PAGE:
Suzanne Poll died in a stationery store. Two decades later, a discarded coffee cup found her killer.

On an April night in 1993, mother-of-two Suzanne Poll was coming to the end of her usual late-night closing shift at an Adelaide stationery store.

The 36-year-old was counting the till alone in the Sands and McDougall store, in Salisbury, when a man entered the store around closing time and stabbed her to death with a knife. 

Suzanne suffered at least 18 separate wounds, including some that went right through her body.

When she didn't return home that night, her husband, Darryl, rung the shop's landline several times but there was no answer. 

He then drove to the Parabanks Shopping Centre and found her car in the car park. 

"I could see lights on in the shop and walked over to the shop," he told the South Australian Supreme Court last month during his wife's murder trial.

"I walked over to the door, opened up the door and sung out her name.

"I didn't get any response, so I walked over."

Approaching the shop counter, he noticed the back storage door was ajar and he could see his wife's legs on the floor along with a pool of blood. 

"There was blood everywhere, she was lying on the floor on her back," he said.

"I tried to see if she had any pulse and that's when I noticed all her hands were cut.

"I tried to give her mouth to mouth and took rolled up paper out of her mouth and tried to revive her."

He also noticed his wife's handbag next to her. It appeared like someone had gone through it.  

Before that night, Daryl told the court he and Suzanne had spoken about what she would do if the store was ever robbed. 


"We spoke about it a couple of times because there were a lot of servos being ripped off at the time," he said.

"She always said she wouldn't put her life in danger, she'd give them the money; give them what they wanted."

For almost three decades, Suzanne's murder remained a mystery, with her two children - Melissa, who was eight at the time of her death, and Adam, who was six - left wondering who killed their mum.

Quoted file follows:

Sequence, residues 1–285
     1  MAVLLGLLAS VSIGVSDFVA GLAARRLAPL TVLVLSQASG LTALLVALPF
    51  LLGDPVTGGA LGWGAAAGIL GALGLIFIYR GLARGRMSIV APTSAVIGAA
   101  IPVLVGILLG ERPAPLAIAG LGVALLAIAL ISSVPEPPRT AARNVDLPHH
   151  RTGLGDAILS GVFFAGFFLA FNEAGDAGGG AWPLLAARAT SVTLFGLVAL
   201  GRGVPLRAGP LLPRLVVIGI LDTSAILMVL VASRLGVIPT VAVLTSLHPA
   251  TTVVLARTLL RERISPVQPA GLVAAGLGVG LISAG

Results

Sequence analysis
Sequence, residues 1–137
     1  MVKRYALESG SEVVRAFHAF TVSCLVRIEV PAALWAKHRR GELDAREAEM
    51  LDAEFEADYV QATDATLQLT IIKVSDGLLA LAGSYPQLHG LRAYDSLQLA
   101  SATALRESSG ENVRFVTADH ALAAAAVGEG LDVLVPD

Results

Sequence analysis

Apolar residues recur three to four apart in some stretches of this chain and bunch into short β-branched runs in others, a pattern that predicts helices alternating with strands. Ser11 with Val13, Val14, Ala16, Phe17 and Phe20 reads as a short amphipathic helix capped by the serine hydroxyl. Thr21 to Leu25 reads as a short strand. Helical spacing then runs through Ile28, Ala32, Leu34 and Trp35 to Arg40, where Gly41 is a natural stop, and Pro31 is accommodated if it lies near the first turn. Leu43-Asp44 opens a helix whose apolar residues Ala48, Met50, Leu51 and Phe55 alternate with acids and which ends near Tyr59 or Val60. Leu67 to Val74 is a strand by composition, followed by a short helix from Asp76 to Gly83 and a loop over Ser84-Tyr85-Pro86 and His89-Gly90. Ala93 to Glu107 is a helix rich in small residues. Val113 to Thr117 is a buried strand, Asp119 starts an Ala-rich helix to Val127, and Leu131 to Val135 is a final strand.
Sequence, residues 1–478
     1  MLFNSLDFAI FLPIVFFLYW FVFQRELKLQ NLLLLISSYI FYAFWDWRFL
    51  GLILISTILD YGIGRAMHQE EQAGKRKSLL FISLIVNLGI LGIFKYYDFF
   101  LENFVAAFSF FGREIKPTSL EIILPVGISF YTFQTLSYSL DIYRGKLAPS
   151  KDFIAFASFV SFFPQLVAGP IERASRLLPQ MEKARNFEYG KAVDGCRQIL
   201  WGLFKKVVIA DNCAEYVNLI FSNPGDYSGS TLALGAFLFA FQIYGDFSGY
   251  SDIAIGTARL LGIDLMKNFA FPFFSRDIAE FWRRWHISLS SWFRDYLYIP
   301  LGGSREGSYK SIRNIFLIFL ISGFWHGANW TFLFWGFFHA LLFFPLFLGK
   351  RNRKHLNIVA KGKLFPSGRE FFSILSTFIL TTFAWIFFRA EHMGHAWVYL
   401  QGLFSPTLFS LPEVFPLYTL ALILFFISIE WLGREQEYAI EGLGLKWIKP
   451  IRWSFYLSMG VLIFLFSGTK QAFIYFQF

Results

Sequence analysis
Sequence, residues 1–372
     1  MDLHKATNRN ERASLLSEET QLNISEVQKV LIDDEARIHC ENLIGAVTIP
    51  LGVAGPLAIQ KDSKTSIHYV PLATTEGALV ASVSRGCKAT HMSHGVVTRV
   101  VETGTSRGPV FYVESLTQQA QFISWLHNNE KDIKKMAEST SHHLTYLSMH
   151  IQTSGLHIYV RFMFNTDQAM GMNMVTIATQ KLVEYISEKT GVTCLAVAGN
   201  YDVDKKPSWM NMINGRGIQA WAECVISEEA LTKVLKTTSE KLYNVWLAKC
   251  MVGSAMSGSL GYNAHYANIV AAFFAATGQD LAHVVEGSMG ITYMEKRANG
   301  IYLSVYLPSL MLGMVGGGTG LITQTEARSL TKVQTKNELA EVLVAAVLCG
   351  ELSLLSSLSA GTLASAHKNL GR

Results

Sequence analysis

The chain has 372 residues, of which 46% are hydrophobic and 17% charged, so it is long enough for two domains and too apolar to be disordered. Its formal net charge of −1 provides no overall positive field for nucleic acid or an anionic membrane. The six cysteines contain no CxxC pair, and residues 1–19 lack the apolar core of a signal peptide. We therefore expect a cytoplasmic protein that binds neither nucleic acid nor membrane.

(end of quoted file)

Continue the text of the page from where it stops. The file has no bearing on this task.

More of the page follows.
Then came a breakthrough. 

Two years ago, police arrested a 49-year-old man named Matthew Donald Tilley thanks to a discarded coffee cup.

Police had travelled to Victoria to question Matthew after a DNA profile originally taken from blood at the murder scene returned a familial match with his brother in late 2017. 

While in Victoria, detectives noticed a takeaway coffee cup he had thrown away and brought it back to Adelaide for testing, which returned a match. 

During the trial, prosecutor Carmen Matteo told the jury the DNA showed that Matthew, who was 21 at the time of the murder, was "100 billion" times more likely to be the matching person than anyone else. 

He also said an autopsy conducted on Suzanne's body found that she died from massive blood loss following the attack in the store.

Meanwhile, Matthew's lawyer argued that a key question for the court was whether the evidence had been properly preserved over almost three decades.

After deliberating for more than four hours, a jury returned its guilty verdict on Thursday night.

Justice David Peek sentenced the 49-year-old to life in prison.


A future court hearing will set a non-parole-period.

After 28 years, the guilty verdict brought relief and justice for Suzanne's family. 

"This is the best outcome we could have ever asked for... it means justice and some closure," Melissa told 9 News. 

"For all these cold cases out there, please don't give up. This is exactly the biggest example," she added. 

"It's 28 years we haven't had our mum and our kids haven't had their grandma," Adam said tearing up. "But we've moving forward."

 With AAP. 

Feature Image: South Australia Police.